Monday, November 21, 2011

Five Jazz Albums Inspired by Electronic Music

Jazz began as a purely acoustic music, just like all other music of its time. But, as electronic instruments became cheaper and more widely available, some, like the Hammond B-3 Organ, the Fender Rhodes electronic piano, and the electric guitar, have been widely incorporated into jazz. As electronic instruments have developed, so has their range of use, and today many jazz musicians have incorporated new sounds inspired by electronic music. The following list of albums, a sampling of some highlights of the category, provide a starting point for fans of jazz looking for a taste of electronic music. There are many more artists making contributions in this vein, but this list will get you started.
  • Aura, Miles Davis, Columbia 1989: Miles Davis’ 1989 album Aura, a collaboration with Danish trumpeter and composer Palle Mikkelborg, is a fascinating album that puts jazz improvisation, more or less traditional big band playing and electronic instruments and studio techniques on equal footing. Some of the synthesizer sounds are very dated compared to the types of sounds most musicians use today, but the album still stands as a testament to the worthy musical possibilities of jazz’s adaptability to new settings, technologies and techniques.

    • Lawn Chair Society, Kenny Werner, Blue Note 2007: Kenny Werner’s Lawn Chair Society features an all-star acoustic jazz band with Dave Douglas on trumpet, Chris Potter on Tenor Saxophone, Scott Colley on bass and Brian Blade on drums. This album is sometimes an acoustic jazz album, and sometimes the electronic beats and sounds are like a sixth member of the band
  • Witness, Dave Douglas, RCA 2001: Laptop musician Ikue More provides a chameleonic counterpoint of electronic sounds to an acoustic ensemble. This album is an atmospheric collision of acoustic improvised music, abstract electronic textures, and the poetry of Edward Said and Taslima Naslin, which is spoken in a harsh whisper by singer Tom Waits. This is a profound album where beautiful acoustic melodies provide a dramatic foil to the abstract electronic and acoustic abstractions.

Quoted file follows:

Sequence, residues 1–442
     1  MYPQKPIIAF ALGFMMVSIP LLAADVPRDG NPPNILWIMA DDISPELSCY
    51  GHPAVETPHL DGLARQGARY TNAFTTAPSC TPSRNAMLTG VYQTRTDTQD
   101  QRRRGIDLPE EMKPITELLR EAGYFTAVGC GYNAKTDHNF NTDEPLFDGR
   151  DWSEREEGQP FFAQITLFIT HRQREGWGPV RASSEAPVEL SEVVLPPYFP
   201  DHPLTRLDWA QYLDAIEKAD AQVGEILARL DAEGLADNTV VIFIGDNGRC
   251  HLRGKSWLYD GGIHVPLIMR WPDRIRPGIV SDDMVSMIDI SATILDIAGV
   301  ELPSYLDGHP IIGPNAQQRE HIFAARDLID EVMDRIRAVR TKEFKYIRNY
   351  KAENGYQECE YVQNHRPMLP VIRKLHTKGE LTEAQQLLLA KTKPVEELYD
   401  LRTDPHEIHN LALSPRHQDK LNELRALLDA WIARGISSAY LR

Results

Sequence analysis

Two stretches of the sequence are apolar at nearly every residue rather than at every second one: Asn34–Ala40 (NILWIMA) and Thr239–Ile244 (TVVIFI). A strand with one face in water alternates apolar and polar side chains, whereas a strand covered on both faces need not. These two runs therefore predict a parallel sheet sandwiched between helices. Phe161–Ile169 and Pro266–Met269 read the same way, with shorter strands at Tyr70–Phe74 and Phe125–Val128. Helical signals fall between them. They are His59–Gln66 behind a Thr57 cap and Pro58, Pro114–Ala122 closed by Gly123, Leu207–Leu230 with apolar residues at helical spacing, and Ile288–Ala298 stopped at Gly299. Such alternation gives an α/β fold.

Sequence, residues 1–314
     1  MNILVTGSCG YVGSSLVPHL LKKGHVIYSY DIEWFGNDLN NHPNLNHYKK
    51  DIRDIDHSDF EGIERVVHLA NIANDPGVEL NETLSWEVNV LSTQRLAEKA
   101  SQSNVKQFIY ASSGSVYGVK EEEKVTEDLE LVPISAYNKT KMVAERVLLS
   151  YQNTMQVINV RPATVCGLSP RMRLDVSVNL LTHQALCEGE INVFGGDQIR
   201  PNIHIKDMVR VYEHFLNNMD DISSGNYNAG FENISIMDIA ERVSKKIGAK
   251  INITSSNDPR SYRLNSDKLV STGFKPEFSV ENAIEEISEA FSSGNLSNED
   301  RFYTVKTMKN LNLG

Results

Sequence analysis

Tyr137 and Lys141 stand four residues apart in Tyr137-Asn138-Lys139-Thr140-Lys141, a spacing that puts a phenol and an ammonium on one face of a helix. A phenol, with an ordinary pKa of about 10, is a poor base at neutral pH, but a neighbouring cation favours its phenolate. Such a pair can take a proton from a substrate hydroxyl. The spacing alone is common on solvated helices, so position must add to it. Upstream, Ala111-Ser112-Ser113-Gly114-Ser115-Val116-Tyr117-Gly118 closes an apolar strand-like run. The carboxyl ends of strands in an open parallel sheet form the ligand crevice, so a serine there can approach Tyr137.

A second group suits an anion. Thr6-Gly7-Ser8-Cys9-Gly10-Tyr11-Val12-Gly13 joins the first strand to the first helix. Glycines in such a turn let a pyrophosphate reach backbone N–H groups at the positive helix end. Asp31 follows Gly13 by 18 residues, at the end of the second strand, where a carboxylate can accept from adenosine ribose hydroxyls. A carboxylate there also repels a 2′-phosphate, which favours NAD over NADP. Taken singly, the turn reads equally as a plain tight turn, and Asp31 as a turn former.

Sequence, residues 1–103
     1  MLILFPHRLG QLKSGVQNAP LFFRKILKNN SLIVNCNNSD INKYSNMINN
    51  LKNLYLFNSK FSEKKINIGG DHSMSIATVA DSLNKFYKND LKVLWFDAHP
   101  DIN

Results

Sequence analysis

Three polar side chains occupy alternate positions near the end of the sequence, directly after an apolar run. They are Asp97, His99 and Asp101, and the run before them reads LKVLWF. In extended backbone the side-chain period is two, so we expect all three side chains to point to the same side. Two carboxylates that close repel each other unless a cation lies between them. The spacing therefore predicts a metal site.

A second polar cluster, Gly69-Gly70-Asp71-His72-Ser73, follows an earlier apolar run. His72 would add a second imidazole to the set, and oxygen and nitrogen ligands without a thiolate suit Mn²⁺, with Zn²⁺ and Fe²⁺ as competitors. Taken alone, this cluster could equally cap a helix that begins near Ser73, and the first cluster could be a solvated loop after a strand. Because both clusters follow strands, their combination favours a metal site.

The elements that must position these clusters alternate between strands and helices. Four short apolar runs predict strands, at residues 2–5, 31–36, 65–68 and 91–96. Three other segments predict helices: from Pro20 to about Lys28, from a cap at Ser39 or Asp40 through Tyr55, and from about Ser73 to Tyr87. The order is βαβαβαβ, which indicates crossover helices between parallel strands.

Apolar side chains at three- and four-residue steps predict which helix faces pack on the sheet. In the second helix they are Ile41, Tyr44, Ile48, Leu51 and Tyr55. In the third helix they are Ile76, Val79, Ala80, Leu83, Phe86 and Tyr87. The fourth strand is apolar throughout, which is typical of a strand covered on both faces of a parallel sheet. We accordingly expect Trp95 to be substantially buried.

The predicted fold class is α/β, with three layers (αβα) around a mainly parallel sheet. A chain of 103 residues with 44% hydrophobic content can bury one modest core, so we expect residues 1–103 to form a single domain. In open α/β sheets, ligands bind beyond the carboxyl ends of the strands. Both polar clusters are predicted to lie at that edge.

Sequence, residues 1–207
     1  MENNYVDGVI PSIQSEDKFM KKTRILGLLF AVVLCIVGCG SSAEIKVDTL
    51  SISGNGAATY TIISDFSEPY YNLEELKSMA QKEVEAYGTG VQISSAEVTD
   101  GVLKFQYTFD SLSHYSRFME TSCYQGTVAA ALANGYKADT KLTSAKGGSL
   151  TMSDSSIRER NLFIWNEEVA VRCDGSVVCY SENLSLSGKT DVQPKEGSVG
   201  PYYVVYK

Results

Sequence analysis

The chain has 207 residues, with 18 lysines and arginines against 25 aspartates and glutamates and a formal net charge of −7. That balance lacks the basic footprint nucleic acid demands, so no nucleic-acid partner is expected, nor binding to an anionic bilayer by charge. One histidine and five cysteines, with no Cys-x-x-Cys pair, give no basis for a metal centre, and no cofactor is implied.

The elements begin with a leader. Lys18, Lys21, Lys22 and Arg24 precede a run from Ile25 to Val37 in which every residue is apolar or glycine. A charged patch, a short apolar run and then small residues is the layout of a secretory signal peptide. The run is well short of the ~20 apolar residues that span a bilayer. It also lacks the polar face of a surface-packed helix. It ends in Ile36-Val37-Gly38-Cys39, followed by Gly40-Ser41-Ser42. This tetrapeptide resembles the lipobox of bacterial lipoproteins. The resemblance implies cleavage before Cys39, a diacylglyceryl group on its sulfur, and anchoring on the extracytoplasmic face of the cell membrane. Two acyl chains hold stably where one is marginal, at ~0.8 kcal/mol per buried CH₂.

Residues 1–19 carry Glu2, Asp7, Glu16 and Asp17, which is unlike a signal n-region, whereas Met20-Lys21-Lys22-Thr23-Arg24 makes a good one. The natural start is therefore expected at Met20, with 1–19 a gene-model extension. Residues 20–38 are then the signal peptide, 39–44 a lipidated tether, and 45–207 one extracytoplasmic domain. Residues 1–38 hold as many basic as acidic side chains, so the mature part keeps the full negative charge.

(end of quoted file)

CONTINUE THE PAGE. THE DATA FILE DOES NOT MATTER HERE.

• Animation/Imagination, Tim Hagans, Blue Note 1999: The most electronica-inspired of all the albums listed here so far, Hagans’ 1999 album builds on Miles Davis’ late work with heavy, up-tempo beats inspired by the electronic dance style drum n’ bass. Opening the album with a burning trumpet, drum and bass improvisation called “The Original Drum and Bass,” the album weds an acoustic jazz band to a drum machine with a churning mix of percussion sounds that create a thick, complex groove.
  • The Moment’s Energy, Evan Parker’s Electro-Acoustic Ensemble, ECM 2009: Falling on the fringes of jazz, this album explores the meeting point of electronic and acoustic improvisation with the focus squarely on sound quality. This group finds traditional jazz instruments, saxophone and trumpet, next to traditional eastern instruments, like the Ko, a bamboo mouth harp. The album’s thickly textured improvisations covering a bewildering range of sounds are a true sonic experience.

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